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State Plan Seeks To Privatize Some Aging Services, Draws Criticism

A bipartisan group of state lawmakers are concerned about a plan to move some responsibilities from local Area Agencies on Aging to a private company.

On today’s program: The State Department of Human Services plans to move some responsibilities currently handled by local Area Agencies on Aging to a private company, Maximus, despite concern from advocates and bipartisan coalition of legislators; Kurtis Menniti from Pittsburgh Community Services, Inc. explains how the organization’s pardon hub helps those previously incarcerated apply to clear their criminal records; and how compassion fatigue impacts educators and caregivers for young children.

Private company Maximus might soon handle some aging services
(0:00 — 5:15)

The Wolf administration plans to transfer some services currently provided by Area Agencies on Aging to a for-profit company called Maximus, but the move has drawn bipartisan criticism from lawmakers and advocates.

“This company [Maximus] is a really large international human services company,” says WESA reporter Kate Giammarise.

The proposed plan is to have Maximus handle the financial and clinical assessment the agencies typically conduct when a senior citizen wants to apply for Medicaid-funded assistance.

“In 2016, when Maximus took over the enrollment portion of this service, there was a lot of criticism of how they were handling it,” says Giammarise. “There were legislative hearings, state legislators said they were inundated with constituent calls, and I think that this experience is partly why there is so much pushback on this right now.”

Giammarise says there are concerns that citizens who need services could face delays and disruption in care.

Groups of Republican and Democratic legislators have both urged the Wolf Administration to reconsider the plan. So far, Giammarise says the State Department of Human Services has only said that a final agreement has not yet been signed.

Local pardon hub helps those with criminal records
(5:20 - 11:47)

For people with criminal records, acquiring jobs or housing can be made more difficult due to background checks that reveal their past. Over the last year, Pittsburgh Community Services, Inc (PCSI) began a pardon hub to help those with records who have completed their sentences apply for a pardon.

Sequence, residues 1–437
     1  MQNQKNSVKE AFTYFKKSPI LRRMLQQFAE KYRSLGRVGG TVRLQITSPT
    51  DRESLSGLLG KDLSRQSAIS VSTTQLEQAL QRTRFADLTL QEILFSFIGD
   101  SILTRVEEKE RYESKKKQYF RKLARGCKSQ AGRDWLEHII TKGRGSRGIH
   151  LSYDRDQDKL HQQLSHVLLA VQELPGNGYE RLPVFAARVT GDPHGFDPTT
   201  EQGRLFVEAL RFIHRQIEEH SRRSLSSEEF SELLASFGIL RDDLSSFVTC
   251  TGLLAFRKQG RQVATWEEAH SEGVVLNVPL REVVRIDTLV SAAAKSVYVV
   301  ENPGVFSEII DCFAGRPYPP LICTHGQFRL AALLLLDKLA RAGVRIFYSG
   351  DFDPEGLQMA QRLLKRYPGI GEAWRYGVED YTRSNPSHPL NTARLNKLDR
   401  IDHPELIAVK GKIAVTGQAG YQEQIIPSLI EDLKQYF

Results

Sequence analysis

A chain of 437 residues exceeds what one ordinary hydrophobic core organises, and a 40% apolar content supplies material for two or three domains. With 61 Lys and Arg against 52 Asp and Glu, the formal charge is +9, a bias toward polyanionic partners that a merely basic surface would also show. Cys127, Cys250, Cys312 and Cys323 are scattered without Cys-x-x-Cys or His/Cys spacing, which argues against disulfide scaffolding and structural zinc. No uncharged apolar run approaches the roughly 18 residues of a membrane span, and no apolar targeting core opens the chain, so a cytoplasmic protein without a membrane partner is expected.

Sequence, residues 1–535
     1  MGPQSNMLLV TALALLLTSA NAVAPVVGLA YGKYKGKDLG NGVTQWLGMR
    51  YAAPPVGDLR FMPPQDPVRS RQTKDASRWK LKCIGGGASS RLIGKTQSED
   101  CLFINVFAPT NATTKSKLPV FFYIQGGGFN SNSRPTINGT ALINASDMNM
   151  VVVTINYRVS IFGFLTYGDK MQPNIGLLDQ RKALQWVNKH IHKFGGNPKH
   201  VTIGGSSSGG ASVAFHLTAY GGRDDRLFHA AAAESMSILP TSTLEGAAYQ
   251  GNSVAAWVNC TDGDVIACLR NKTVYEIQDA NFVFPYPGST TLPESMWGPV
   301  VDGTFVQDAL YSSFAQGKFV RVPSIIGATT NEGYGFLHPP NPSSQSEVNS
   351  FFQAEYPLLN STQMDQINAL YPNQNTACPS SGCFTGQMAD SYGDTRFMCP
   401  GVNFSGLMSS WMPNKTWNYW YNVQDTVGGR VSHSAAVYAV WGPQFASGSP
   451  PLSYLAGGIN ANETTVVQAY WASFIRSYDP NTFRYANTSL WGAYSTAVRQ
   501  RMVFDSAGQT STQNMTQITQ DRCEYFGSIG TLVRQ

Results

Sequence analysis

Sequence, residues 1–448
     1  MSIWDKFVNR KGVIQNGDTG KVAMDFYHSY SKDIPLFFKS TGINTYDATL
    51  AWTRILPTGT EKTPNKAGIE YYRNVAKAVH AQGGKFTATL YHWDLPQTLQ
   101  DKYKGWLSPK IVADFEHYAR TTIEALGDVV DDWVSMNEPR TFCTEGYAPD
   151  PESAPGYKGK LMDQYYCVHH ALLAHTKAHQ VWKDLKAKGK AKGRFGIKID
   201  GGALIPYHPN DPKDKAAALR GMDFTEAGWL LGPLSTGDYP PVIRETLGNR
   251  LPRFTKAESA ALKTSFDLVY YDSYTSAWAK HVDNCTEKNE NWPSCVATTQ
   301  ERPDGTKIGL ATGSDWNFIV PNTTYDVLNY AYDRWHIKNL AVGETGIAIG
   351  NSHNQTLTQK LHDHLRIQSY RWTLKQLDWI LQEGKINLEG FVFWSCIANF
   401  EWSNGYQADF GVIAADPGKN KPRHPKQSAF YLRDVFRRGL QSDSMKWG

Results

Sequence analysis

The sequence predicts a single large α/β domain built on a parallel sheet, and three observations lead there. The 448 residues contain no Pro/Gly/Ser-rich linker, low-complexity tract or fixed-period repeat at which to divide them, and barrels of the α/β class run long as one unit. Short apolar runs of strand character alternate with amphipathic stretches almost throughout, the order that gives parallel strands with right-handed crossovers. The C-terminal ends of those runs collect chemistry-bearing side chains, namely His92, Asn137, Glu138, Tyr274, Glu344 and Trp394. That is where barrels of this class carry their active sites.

“The system seems very overwhelming,” says Kurtis Mennitti, a job developer with PCSI. “It can really make a person feel like their back's against the wall, and they have no opportunities.”

For those with non-sexual, non-violent offenses who have completed their sentencing within the last four to five years, a pardon could erase certain parts of their criminal record. The individual would not have to disclose their record in the future.

The pardon requires an application and documentation of one’s background and offense, and it can take up to two years before someone receives or is denied a pardon.

“When we start holding people accountable beyond what their sentencing is,” asks Mennitti, “are we really allowing that person to move on and really change their life, and show society that they are not who they were potentially 10, 15, 20 years ago?”

Compassion fatigue is taking a toll on caregivers and educators
(11:57 — 18:00)

It’s been a difficult year, and for those that aid, teach and care for others, they expend a lot of energy on compassion, which can be especially draining.

Jan Sapotichne, associate executive director of Trying Together, a nonprofit focused on childcare and education for young children, says compassion fatigue can manifest in many different ways: “Not looking forward to the day, being tired, not having the patience for the children that they might typically have.”

Sapotichne says acknowledging the issue is critical, and those experiencing compassion fatigue can give themselves grace, and remember the work they do is valuable to the community.

“They are working with our youngest children,” says Sapotichne. “We need to support and value and recognize and acknowledge that important work, so I think to be able to say that they are struggling with something called compassion fatigue is our way of really focusing on the needs of the caregivers.”

The Confluence, where the news comes together, is 90.5 WESA’s daily news program. Tune in weekdays at 9 a.m. to hear newsmakers and innovators take an in-depth look at stories important to the Pittsburgh region. Find more episodes of The Confluence here or wherever you get your podcasts.

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